Tuesday, November 12, 2019

Musing over An Evening with Michael Bublé concert





I attended a Michael Bublé concert in June this year, my fourth time hearing him live, and I've spent the last several months mulling over why this particular Evening with Michael Bublé fell so incredibly flat for me when it should have been amazing.

First, there was some drama over buying the tickets. I don't like drama, and I don't like it when other people cause drama in my life. Even if that drama really isn't that big, it still has an effect. So, there is the possibility that the ticket-buying experience with friends was just enough of a nightmare to ruin the entire evening.

But, more than that, I'm disappointed in Michael himself.

He's a crooner, and he presents a very classy image on his albums and even in his Christmas specials (which he's not doing anymore, sadly).

But in person, on the stage, he's crass. He's always been crass and I've always overlooked it, but I'm tired of pretending I'm fine with his behavior.

By being crass he lowers the quality of his performance and my enjoyment. I was even more disappointed in him than in past times because I actually had my younger sister with me and having her listen to him tell his jokes and swear made me realize that I didn't really want her listening to him and I didn't want to listen to him anymore either. If I could have, I would have walked out, but that's hard to do when you're with others.

I'm not sure why it took me four concerts to come to this conclusion, but better late than never, as they say.

Maybe I'm expecting too much of him, but I don't think so. How hard is it present a clean show when he knows his audience has families in it? Or, heaven forbid, does he swear like a sailor in front of his own kids? There's a terrifying thought.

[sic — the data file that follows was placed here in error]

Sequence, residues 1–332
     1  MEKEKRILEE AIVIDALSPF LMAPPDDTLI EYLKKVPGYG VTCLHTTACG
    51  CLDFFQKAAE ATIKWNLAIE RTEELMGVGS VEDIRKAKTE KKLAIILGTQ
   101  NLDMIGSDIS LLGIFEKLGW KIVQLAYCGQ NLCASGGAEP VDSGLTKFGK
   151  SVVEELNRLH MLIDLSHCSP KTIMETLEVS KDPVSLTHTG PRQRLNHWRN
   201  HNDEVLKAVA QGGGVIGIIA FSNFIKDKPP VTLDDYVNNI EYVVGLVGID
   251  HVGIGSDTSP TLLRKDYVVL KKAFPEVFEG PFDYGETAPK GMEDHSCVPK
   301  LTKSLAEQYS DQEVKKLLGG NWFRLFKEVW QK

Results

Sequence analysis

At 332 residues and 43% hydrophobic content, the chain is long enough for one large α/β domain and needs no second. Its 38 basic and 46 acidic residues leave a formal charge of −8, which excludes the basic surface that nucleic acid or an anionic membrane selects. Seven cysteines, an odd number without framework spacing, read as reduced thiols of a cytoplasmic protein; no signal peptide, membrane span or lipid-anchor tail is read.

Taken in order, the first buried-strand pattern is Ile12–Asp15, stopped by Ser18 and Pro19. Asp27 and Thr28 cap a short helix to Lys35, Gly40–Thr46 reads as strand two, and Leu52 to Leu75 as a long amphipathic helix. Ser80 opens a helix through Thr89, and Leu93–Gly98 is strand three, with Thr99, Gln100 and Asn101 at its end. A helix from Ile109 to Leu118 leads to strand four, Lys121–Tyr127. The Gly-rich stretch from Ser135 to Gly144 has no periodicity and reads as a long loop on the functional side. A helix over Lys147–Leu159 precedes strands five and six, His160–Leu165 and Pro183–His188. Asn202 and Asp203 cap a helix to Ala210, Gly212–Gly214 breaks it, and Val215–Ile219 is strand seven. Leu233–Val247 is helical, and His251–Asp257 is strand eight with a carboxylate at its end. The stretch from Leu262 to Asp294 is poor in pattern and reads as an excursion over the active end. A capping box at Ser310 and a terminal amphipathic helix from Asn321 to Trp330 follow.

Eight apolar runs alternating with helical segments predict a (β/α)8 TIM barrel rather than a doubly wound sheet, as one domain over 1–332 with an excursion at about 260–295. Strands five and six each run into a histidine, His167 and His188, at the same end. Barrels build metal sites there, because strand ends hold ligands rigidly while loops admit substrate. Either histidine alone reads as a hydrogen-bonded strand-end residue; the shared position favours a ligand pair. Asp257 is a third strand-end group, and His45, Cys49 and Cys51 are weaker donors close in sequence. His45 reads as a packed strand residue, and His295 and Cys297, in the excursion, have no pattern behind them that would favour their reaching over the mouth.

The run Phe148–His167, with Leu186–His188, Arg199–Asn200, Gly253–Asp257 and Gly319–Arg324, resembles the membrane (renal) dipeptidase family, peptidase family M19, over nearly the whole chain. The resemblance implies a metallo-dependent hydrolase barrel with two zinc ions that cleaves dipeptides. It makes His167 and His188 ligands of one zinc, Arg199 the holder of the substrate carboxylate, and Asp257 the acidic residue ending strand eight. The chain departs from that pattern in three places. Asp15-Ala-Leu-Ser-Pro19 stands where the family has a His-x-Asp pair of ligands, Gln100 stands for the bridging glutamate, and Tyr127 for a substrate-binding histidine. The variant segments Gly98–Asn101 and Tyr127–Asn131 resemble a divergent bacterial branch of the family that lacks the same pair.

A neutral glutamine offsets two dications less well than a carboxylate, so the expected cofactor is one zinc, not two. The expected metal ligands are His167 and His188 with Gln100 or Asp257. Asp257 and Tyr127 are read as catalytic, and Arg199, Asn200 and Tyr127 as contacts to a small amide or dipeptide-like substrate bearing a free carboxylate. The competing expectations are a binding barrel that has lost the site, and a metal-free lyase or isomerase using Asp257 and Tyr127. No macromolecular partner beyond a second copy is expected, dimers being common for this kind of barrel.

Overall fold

I wish he didn't demean himself and the art form he's trying to keep alive by his behavior on the stage, but he does. So I'm left with a decision. I can continue listening to his music or I can give him up entirely. Or is there something else in-between?

I love Michael's music. He has a beautiful, silky voice that makes me smile.

But apart from his music, I'm done with him.

No more fanclub, no more concerts, just a new album every couple of years after I learn its content. Nope, sorry Michael, not buying them outright anymore until I'm sure the songs you're singing continue to be of the same standard I'm used to, from your music at least. I wish I could stay that you met a higher standard in person, but that's just not the case.

Maybe someday he'll figure out that crass behavior in his concerts doesn't serve him well. Until then, I'll relax to his Christmas album as the holiday season approaches and allow myself to enjoy what I consider to be an album of pure delight and joy.

Saturday, August 10, 2019

Radio Theater: Sir John Gielgud and Sir Ralph Richardson as Holmes and Watson (1955)

The Adventures of Sherlock Holmes radio series starring John Gielgud and Ralph Richardson


I'm on the eternal hunt for the ideal Holmes and Watson pairing.

Oh, of course, many come close, like Jeremy Brett and David Burke in the celebrated BBC television series from the 1980s, or even Ian Richardson as Holmes, but alas, I can't recall his Watson, which is never a good sign.

Sir John Gielgud
Sir John Gielgud
But I believe I may have finally found the ideal paring in Gielgud and Richardson, both esteemed stage actors in their own right with all of the professional training needed to make radio theater a success.

In a word, they're marvelous.

I mentioned Ian Richardson a moment ago, and I actually hold him up as the ideal Holmes. They only thing he didn't have was Holmes' height, but everything else was absolutely 100% spot on, from his mannerisms to his appearance.

John Gielgud is the same, only on the radio.

One doesn't need much imagination to conjure an image of Sherlock Holmes while listening to Gielgud's radio theater performance. He has just the right touch of arrogance and humility in his performance, the proper notes of conviviality paired with the behavior of a social recluse. That mixture is what makes Arthur Conan Doyle such a delight to read. It's not everyday that a lead character can be offensive and still likeable.

Gielgud plays Holmes with a genuine fondness for Watson, a nice change from some of the more unpleasant incarnations of the man, and he absolutely sells that the story is happening in real time, at this very moment. No small feat.

Sir Ralph Richardson
Sir Ralph Richardson
Then there is Ralph Richardson, not to be confused with Ian Richardson. RR is a marvel. I've not encountered him very often in my movie watching ventures. He just sort of slipped on by me, as it were, although he does play Lord Mere in The Divorce of Lady X with Laurence Olivier and Merle Obern, one of my favorite romcoms from the 1930s.